Friday, May 1, 2009

The Good, the Bad, the Weird (2008; Kim Ji-woon)

This film is a lot of "seconds" for me. It is my second Kim Ji-woon film (the first being A Tale of Two Sisters which I obviously loved). It is my second venture into Asian westerns. While not a second, I will also say this is one of my many ventures into films starring Song Kang-ho (Memories of Murder, Sympathy for Mr. Vengeance, etc.) Now, with this film having connections with so many of my top ten, can it live up to the standards I have set for it?

The three main characters are of course the Good Guy, the Bad Guy, and the Weird Guy. They all end up on a hunt for the same map that may or may not be worth anything at all. As their struggle continues, more and more parties are brought into the mix, all trying to get ahold of the map for themselves.

This movie was a surprise on all accounts. Not only did I get everything I wanted from it, I got it in such an enjoyable package of comedy and inspirational action sequences that this is truly a film for the books. Enough of this love affair...

Starting off with the camera, I must say that Kim Ji-woon pulled out all the stops. His eye for color was well documented in A Tale of Two Sisters, but this particular title shows off some of his other skills. He manages to create some wonderful panoramic shots of the desert as well as a handful of wonderfully constructed set pieces for the action sequences. There is no flaw here.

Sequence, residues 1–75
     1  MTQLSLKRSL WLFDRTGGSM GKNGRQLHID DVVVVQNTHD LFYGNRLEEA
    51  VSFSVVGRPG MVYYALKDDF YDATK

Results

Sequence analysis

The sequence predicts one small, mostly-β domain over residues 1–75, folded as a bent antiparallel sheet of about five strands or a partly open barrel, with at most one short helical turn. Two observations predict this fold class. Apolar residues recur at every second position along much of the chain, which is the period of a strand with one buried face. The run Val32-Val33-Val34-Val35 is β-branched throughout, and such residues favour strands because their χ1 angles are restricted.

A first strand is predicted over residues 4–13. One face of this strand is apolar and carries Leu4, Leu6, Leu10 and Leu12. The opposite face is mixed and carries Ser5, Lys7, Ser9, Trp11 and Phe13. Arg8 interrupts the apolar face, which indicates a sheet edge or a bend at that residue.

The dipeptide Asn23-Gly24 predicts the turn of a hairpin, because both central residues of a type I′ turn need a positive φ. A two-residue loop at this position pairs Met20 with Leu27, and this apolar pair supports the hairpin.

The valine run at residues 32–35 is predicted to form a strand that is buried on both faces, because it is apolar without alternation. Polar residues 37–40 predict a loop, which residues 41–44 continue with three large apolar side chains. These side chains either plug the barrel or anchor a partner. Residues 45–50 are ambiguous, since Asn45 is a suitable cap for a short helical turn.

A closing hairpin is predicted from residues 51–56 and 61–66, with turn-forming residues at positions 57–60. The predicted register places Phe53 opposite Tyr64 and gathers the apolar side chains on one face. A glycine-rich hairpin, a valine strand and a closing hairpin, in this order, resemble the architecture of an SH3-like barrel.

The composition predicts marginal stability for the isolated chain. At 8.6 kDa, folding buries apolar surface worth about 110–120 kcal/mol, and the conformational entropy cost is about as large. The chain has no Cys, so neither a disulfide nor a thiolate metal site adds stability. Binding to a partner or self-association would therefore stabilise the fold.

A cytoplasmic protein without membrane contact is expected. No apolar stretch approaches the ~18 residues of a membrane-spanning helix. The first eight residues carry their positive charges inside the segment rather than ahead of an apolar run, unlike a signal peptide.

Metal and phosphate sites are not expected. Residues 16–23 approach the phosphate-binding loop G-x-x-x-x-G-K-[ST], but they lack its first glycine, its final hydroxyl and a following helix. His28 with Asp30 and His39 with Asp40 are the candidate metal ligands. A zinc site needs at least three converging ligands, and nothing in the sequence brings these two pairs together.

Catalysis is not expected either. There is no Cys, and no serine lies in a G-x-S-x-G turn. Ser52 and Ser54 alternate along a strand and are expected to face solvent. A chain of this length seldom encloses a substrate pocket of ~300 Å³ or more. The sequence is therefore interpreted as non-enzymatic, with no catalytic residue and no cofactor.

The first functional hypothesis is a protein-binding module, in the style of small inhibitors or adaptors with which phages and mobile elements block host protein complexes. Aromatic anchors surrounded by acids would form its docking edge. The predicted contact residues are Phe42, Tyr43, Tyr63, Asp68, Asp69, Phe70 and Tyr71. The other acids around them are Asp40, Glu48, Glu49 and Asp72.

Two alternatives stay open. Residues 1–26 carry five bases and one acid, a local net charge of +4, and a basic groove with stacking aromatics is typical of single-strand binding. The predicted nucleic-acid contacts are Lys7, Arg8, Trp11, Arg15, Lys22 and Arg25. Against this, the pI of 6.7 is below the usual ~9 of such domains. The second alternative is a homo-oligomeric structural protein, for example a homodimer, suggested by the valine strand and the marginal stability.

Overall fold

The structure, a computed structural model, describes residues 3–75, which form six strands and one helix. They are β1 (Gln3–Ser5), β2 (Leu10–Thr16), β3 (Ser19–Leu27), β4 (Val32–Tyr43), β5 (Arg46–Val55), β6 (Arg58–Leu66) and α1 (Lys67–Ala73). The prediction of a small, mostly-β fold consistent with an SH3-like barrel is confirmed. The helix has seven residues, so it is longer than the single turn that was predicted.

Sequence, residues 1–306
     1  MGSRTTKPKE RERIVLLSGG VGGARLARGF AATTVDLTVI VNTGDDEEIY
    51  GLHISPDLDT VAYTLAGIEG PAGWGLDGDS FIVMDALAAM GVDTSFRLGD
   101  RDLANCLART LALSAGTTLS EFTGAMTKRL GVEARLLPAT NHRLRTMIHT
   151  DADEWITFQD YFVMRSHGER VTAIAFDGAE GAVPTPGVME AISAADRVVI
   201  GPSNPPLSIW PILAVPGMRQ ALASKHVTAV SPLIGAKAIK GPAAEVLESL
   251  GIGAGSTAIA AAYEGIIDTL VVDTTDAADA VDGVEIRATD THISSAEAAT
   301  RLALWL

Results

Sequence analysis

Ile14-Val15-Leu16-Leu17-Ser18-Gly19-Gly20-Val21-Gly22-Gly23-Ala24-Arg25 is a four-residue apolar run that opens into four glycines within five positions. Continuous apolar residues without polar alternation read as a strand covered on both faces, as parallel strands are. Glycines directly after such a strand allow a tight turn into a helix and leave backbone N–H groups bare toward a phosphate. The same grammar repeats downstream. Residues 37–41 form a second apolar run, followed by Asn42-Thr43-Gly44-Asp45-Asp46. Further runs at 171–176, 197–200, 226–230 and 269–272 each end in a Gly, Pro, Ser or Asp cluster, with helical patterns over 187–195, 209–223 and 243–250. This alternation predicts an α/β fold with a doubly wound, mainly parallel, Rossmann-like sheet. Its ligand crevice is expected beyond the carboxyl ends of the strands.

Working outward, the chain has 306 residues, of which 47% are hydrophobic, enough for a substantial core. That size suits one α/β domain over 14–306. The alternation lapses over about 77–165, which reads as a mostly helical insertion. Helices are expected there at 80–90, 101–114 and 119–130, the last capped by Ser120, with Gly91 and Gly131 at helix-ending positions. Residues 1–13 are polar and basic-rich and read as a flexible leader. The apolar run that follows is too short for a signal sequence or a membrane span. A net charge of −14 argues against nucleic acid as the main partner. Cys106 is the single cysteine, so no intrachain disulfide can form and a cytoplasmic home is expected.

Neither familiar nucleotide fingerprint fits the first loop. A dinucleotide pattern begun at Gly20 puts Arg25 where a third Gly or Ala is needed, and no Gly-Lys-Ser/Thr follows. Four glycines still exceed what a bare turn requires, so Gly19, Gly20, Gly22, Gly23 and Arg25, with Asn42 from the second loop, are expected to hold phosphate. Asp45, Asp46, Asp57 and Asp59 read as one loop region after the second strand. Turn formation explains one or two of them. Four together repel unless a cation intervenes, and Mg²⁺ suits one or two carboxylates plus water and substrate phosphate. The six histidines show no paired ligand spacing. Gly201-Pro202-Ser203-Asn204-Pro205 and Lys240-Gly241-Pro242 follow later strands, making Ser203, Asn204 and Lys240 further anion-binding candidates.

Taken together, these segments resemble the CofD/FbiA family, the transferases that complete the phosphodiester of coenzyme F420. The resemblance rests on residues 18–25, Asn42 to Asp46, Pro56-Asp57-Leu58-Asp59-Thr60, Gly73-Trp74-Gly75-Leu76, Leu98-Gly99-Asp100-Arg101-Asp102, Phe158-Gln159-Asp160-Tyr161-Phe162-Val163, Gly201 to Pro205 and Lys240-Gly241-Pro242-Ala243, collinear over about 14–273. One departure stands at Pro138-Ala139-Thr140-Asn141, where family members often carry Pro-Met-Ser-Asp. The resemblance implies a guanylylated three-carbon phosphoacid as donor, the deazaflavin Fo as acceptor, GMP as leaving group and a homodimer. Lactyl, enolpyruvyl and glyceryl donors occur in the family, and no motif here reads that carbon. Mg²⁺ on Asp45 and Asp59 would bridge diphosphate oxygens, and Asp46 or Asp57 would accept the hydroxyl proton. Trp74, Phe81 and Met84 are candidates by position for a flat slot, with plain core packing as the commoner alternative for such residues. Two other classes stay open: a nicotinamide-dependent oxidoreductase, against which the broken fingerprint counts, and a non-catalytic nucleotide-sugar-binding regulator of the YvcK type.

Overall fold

The soundtrack is as equally stunning as the camera work. The music brings you back to the days of Westerns, but maintains a very modern feel to it to give itself its own identity. While a lot of aspects of this film are very obviously based on another film with a very similar title, that doesn't mean that this piece does not have enough to stand on its own. No flaw here either.

What's left? The acting? Please, this film stars three of South Korea's most prominent actors (as well as my favorite, Song Kang-ho whom I mentioned above). The only thing to drive people away from this movie is its lack of depth. I normally never bring this up, because usually the plot is enough to give that part away, but I thought I should address it at least once.

I was once told that you have directors who either are good at telling stories or are good at making you think and that the perfect directors are the ones who can bring those two together. I was never truly sold on that idea (it was an argument for David Lynch, who I am not a fan of). I feel you don't need to encapsulate both of those aspects into every film you make. I think all you need to do is find the balance of the two you are most comfortable in and make the best of it. You don't need to stump your audience or give them life changing realizations to make them enjoy your films. Let this be one of those that proves my point.

Score: 5/5

Notes: Kim Ji-woon's films are expensive, which is what is making it take so long for me to acquire them.